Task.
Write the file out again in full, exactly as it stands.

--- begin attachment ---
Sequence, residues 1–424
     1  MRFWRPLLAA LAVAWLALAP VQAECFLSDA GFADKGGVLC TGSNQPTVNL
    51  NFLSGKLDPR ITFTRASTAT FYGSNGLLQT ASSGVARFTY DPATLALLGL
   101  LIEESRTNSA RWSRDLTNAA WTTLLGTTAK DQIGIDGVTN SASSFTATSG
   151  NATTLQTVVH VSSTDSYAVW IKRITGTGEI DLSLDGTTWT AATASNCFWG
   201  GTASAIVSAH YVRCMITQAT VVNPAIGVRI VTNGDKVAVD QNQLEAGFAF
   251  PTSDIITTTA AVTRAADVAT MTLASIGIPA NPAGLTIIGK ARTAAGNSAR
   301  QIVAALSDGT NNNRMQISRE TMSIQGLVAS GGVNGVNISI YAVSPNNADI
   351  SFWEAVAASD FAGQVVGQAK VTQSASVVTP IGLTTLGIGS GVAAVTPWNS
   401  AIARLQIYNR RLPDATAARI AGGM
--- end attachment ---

Sequence, residues 1–424
     1  MRFWRPLLAA LAVAWLALAP VQAECFLSDA GFADKGGVLC TGSNQPTVNL
    51  NFLSGKLDPR ITFTRASTAT FYGSNGLLQT ASSGVARFTY DPATLALLGL
   101  LIEESRTNSA RWSRDLTNAA WTTLLGTTAK DQIGIDGVTN SASSFTATSG
   151  NATTLQTVVH VSSTDSYAVW IKRITGTGEI DLSLDGTTWT AATASNCFWG
   201  GTASAIVSAH YVRCMITQAT VVNPAIGVRI VTNGDKVAVD QNQLEAGFAF
   251  PTSDIITTTA AVTRAADVAT MTLASIGIPA NPAGLTIIGK ARTAAGNSAR
   301  QIVAALSDGT NNNRMQISRE TMSIQGLVAS GGVNGVNISI YAVSPNNADI
   351  SFWEAVAASD FAGQVVGQAK VTQSASVVTP IGLTTLGIGS GVAAVTPWNS
   401  AIARLQIYNR RLPDATAARI AGGM